Last night at the MGM Grand of Las Vegas, welterweights Keith Thurman and Robert Guerrero headlined Al Haymon’s first foray intro free TV. Heralded as professional boxing’s triumphant return to prime time TV, and broadcast over NBC’s airwaves, hopes were high that The Thurmanator and The Ghost would deliver an exciting bout that would please fight fans and gain new adherents to the sweet science. The encounter also represented a crossroads: should the up-and-coming Thurman best a tough veteran like Guerrero, he would be making a strong claim as an elite 147-pounder. On the other hand, a victory for Guerrero would revitalize his career, which veered off-track after his defeat to Floyd Mayweather.
Keith Thurman entered the bout as a clear favourite, with few insiders giving Guerrero a shot at the upset. Nonetheless, Thurman’s renowned punching power was expected to meld with Guerrero’s offensive stylings to produce an appealing battle. Supported by a junior-welterweight meeting between Adrien Broner and John Molina Jr., the stage was set for Keith and Robert to market themselves to a broad audience and make their names resonate beyond the cable network platform on which they used to ply their trade.
At the sound of the opening bell, it was Keith Thurman who came out with guns blazing, launching dangerous power shots at Guerrero, who evaded them as best he could and then countered from his southpaw stance. Soon enough, Thurman found his distance and began throwing quick, snappy combinations to The Ghost’s head and body, scoring the most telling blows and outworking the former featherweight. The Thurminator–who sported a huge bump on his forehead since early on due to a clash of heads–clearly won most of the early and middle rounds, but Guerrero kept fighting back and remained game throughout.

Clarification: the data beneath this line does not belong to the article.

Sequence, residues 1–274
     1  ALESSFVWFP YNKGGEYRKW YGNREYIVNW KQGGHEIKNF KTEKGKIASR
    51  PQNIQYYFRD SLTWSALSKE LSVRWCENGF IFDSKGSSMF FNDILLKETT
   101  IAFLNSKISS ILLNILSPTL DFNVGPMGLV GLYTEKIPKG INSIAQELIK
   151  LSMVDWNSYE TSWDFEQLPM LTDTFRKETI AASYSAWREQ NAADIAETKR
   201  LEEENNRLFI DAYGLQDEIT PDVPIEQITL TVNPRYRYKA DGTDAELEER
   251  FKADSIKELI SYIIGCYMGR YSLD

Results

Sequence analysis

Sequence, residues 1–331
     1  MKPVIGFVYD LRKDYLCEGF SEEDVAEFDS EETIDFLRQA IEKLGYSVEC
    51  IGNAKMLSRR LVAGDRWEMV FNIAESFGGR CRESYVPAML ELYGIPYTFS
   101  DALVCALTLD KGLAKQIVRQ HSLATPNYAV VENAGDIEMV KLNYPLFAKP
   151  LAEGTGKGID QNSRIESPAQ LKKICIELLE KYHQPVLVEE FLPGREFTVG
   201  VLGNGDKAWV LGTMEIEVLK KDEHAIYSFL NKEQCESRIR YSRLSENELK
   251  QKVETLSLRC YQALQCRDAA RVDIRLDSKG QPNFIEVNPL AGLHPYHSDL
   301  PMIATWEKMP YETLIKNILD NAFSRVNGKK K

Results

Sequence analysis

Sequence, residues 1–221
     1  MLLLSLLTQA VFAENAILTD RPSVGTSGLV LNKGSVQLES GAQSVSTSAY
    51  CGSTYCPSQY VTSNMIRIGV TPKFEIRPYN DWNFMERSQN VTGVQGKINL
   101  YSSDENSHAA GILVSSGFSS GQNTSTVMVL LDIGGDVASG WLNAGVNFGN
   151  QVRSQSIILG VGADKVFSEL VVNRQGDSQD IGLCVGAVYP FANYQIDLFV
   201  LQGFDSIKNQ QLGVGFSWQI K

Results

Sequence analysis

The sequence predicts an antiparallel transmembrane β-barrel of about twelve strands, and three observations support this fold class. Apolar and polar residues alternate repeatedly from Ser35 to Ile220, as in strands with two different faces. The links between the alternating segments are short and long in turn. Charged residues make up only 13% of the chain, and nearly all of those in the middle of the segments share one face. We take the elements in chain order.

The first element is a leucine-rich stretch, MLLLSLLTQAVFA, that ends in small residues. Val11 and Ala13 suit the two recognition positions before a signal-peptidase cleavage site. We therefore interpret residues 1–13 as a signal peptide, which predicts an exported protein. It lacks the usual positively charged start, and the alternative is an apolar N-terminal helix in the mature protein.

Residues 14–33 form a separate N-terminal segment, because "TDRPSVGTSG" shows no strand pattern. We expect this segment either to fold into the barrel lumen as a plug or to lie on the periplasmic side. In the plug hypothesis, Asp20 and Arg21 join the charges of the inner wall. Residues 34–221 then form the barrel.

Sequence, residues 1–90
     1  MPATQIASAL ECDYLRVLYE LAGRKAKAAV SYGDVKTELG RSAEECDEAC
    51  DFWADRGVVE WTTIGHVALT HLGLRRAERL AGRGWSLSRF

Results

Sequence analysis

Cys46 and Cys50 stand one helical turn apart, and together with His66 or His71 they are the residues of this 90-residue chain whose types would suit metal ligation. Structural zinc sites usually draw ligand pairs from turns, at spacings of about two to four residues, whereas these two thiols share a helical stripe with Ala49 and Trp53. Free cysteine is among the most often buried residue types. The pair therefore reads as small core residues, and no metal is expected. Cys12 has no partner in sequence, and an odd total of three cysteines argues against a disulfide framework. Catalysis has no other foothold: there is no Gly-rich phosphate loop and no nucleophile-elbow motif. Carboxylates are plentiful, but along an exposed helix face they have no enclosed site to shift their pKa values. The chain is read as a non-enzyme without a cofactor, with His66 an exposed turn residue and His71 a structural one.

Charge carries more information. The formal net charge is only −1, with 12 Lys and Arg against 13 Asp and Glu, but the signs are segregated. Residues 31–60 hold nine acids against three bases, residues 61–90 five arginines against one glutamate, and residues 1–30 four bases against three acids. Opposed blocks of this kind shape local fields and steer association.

Round nine marked a turning point, as Thurman pelleted Robert’s visage with accurate punches, even cutting him above the left eye. Towards the end of the round, Keith landed a powerful left hook followed by a right uppercut that staggered Guerrero and dropped him to the canvas. Taking as much time as possible before rising back up, The Ghost would go on to survive Keith’s charge for the rest of the round. At the beginning of the tenth, Keith continued his assault, but Guerrero proved once again his durability in withstanding the onslaught, then pushing Thurman back to the ropes and unloading combinations up- and downstairs, in what was easily the most exciting and competitive round thus far.
Keith regained control of the bout in rounds ten and eleven, sharpshooting from a distance and exercising great mobility all over the ring while Guerrero stalked ineffectively, looking to land something big to change his fortune. Round twelve saw big exchanges, with Guerrero vehemently pursuing the knockout, while a tired Thurman countered as best he could, knowing all he needed to do was wait for the final bell. In the end, the scorecards awarded Keith a wide unanimous decision that didn’t fully portray all the action that took place in the fight, especially in its last third.
The Take Away